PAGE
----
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  • peanut
    replied
    Originally posted by Babru View Post
    I was thinking about peanut's problem again...how about a hebe hedge? Some very nice ones 3x3 feet, but there are bigger or smaller if you like. Evergreen, lovely flowers that last for months, bees like them too. Very good value plants, and I've seen them for sale pretty cheap.
    How funny you should say that! Only today I was reconsidering my options and I've been considering Hebes for those very reasons you mention, long lasting and loved by Bees! I've seen some very pretty pink and mauve flowered varieties!

    Great minds Babru!

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  • Babru
    replied
    I was thinking about peanut's problem again...how about a hebe hedge? Some very nice ones 3x3 feet, but there are bigger or smaller if you like. Evergreen, lovely flowers that last for months, bees like them too. Very good value plants, and I've seen them for sale pretty cheap.

    Leave a comment:


  • Babru
    replied
    I have a Snow Pixie osteospermum. I've found that as it spreads out there are shoots with little roots forming in the clump. I've potted them up separately and made new plants.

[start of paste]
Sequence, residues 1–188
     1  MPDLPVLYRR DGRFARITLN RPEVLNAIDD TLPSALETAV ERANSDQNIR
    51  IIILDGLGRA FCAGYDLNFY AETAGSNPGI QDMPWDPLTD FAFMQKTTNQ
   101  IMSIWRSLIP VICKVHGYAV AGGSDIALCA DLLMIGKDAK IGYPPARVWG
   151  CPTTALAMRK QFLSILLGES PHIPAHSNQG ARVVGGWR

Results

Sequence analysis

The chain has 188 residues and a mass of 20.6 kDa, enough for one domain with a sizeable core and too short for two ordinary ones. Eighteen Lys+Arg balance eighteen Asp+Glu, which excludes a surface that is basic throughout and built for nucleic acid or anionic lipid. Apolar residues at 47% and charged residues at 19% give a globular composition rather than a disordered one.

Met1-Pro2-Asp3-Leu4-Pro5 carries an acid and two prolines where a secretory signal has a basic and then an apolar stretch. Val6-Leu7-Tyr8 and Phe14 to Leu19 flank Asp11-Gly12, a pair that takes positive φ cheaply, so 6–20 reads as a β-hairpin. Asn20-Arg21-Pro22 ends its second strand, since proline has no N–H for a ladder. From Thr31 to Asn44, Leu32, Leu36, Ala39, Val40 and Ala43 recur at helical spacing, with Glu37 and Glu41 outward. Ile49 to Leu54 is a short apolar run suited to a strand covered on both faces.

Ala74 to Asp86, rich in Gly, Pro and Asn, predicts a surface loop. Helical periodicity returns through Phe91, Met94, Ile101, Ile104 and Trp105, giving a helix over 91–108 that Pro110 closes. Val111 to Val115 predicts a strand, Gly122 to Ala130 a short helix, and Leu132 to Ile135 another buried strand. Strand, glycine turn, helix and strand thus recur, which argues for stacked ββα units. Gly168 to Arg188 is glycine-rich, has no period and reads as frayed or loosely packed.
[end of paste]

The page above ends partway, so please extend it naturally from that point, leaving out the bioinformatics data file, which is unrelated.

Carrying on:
Same goes for the erigeron. Sedum, you just dig a clump up and it's a new plant.

    I've never managed to get an aubretia to root, but I did buy a pack of mixed colour seeds. I'm just interested to see how easy it is to grow.
    Last edited by Babru; 22-01-2022, 08:50 PM.

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  • Jungle Jane
    replied
    I was reading about taking cuttings & it said use a seed compost with little or no nutrient in,to encourage root growth rather than top growth. I don’t know if that helps at all,I’ve never taken cuttings,the established plants seem to have shallow roots though.

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  • Martin H
    replied
    Originally posted by Babru View Post
    NB these types of plants take very readily from cuttings so you can bulk them up fast.
    I've heard others say it's easy, but I've tried several times to take Osteospermum cuttings and they have always failed. They start putting on new top growth before dying off, on inspection they haven't made any roots.

    Do you have any tips to help me? I'd like to try one more time when they start growing again (even though the plant labels forbid it).

    Leave a comment:


  • Babru
    replied